The Centers for Disease Control and Prevention says recent studies show that about one-third of patients who had COVID-19 become so-called “long-haulers” who suffer from debilitating aftereffects of the virus.
At the New England Institute for Neurology and Headache in Stamford, Dr. Peter McAllister estimates he has 40 to 50 patients who are long-haulers. He says the term has been renamed as “PASC” by the CDC, standing for “post-acute sequelae of COVID.”
Dr. McAllister told News 12 that he’s seen kids as young as 10 and adults into their 60s experience the symptoms.
The severity of the symptoms varies, but even people who had mild cases of COVID-19 can later find themselves experiencing them, such as Jim McDonald, of Fairfield. He’s had symptoms for nearly nine months.
“It’s real…I was in denial for a while, thought I could power through it,” he says. “So what would happen is I would exert myself, just moderately, and I’d be out for a day maybe two.”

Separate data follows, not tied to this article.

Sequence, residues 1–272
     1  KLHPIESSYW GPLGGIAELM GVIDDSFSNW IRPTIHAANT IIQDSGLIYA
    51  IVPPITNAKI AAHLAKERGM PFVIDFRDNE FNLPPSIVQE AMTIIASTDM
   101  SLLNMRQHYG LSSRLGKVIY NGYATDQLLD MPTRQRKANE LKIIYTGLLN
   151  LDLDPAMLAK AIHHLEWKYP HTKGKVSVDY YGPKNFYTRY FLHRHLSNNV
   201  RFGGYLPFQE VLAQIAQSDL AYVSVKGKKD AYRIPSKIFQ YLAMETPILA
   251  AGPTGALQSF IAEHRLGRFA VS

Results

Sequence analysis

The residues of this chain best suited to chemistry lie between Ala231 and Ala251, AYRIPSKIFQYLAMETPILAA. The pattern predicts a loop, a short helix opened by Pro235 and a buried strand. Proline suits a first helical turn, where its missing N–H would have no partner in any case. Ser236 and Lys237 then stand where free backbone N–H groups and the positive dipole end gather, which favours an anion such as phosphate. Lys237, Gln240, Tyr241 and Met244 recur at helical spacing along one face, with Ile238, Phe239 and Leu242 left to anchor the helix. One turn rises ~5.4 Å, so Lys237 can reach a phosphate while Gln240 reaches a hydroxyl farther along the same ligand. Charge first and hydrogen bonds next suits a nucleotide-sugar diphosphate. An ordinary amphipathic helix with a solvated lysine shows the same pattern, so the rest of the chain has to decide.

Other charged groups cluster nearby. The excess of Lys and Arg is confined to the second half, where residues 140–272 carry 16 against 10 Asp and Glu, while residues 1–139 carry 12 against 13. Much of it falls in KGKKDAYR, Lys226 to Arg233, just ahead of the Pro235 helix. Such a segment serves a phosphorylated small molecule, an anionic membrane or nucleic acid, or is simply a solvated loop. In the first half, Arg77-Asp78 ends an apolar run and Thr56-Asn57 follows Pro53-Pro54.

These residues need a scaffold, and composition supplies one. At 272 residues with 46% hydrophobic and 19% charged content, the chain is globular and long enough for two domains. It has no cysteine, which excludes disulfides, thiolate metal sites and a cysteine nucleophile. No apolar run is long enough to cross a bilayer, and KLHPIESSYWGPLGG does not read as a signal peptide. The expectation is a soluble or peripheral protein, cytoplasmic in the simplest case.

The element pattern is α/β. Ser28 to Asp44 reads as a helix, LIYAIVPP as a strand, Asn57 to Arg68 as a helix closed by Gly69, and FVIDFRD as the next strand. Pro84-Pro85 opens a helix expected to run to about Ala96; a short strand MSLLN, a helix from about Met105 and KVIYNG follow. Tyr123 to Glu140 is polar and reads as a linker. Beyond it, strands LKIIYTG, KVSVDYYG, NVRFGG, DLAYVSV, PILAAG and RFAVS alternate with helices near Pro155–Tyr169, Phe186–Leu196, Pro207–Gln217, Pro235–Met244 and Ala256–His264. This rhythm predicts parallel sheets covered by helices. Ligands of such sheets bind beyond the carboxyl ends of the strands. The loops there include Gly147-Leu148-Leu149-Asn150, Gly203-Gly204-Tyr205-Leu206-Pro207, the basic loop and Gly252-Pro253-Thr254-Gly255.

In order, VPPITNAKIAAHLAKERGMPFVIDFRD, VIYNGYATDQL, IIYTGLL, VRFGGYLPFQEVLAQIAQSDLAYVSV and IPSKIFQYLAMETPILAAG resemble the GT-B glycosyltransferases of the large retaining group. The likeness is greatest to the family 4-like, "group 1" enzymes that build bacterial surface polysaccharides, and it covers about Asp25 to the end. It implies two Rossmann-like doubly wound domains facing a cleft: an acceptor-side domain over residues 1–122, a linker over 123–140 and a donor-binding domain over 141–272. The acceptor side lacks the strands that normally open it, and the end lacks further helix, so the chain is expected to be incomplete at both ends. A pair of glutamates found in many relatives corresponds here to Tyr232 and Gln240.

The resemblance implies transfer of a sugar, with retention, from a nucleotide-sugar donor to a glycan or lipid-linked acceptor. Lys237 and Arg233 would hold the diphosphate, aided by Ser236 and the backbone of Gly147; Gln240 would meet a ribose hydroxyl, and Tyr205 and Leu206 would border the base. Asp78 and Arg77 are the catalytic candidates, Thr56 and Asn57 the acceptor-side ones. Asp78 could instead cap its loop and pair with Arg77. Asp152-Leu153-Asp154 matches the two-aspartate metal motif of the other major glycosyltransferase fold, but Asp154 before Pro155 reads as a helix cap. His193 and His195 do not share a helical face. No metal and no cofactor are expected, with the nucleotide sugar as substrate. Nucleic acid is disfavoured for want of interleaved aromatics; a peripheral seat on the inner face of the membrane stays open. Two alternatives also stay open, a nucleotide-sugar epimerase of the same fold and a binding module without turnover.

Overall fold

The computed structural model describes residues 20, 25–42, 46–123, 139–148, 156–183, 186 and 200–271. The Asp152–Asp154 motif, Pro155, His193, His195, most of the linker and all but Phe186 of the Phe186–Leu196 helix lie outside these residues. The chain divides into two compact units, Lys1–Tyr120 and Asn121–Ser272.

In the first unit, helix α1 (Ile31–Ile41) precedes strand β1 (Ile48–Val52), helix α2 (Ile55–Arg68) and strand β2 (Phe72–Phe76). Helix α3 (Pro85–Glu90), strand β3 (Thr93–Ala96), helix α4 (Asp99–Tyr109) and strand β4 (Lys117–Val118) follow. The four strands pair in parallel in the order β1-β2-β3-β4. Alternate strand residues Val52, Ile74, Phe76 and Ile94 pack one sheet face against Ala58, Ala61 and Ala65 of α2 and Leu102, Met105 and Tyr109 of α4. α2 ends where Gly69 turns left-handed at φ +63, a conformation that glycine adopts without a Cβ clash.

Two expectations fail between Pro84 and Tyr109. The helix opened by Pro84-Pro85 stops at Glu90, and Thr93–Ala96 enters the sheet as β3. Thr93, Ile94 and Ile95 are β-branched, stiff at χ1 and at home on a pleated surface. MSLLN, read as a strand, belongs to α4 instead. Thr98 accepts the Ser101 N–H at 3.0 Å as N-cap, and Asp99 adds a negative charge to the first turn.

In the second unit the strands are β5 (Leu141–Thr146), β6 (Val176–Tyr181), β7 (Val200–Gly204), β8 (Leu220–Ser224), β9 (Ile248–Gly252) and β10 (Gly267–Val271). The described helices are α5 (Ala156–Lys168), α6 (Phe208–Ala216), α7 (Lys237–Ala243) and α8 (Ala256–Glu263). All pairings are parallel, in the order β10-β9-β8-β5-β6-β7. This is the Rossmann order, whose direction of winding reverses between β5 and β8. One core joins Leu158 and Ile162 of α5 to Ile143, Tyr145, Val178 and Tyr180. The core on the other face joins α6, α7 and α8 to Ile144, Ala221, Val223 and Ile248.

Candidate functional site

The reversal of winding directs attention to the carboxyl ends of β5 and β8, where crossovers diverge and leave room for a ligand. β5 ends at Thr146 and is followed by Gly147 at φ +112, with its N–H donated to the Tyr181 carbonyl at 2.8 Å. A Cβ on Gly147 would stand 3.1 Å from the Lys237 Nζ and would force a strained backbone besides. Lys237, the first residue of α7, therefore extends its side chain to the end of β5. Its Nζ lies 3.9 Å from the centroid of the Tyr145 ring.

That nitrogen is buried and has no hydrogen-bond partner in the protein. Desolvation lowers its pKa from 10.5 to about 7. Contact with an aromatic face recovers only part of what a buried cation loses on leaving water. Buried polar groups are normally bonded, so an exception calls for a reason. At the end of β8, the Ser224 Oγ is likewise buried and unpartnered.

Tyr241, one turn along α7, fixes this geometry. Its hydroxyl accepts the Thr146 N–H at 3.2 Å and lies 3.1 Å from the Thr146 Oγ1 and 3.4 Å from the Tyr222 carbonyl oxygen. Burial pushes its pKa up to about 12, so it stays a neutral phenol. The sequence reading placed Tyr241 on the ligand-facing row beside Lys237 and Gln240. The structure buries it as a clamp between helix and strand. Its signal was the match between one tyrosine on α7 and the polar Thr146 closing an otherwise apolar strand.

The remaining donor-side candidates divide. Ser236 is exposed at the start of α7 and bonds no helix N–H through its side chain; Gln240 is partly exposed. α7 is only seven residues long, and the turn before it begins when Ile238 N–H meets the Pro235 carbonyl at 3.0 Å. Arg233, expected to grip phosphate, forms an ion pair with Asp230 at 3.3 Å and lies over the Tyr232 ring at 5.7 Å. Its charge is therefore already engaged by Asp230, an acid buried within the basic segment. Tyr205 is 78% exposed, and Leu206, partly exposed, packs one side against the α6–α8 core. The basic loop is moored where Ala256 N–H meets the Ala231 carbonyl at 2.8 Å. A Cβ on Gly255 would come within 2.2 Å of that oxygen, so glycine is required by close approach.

These days, McDonald says he can only walk his dogs for 10-15 minutes. When it comes to work, 3-5 hours is a victory with his debilitating brain fog.
“The best I can describe it is like when you have a concussion and you can’t remember who you are – and it comes at weird times,” he says.
Dr. McAllister says there still isn’t a “complete picture” on how to treat the issue, but says the COVID-19 vaccine could be a way out.
“There’s a little bit of evidence, and it’s encouraging, that if someone with long haul were to get the COVID vaccine, at least a third of those people, seem to have a drop or even a complete elimination of their symptoms,” he says.
That’s what McDonald is hoping for. His second shot is coming in the next few weeks.
They can include brain fog, fatigue, joint aches, rapid heart rate when standing still and gastrointestinal complaints.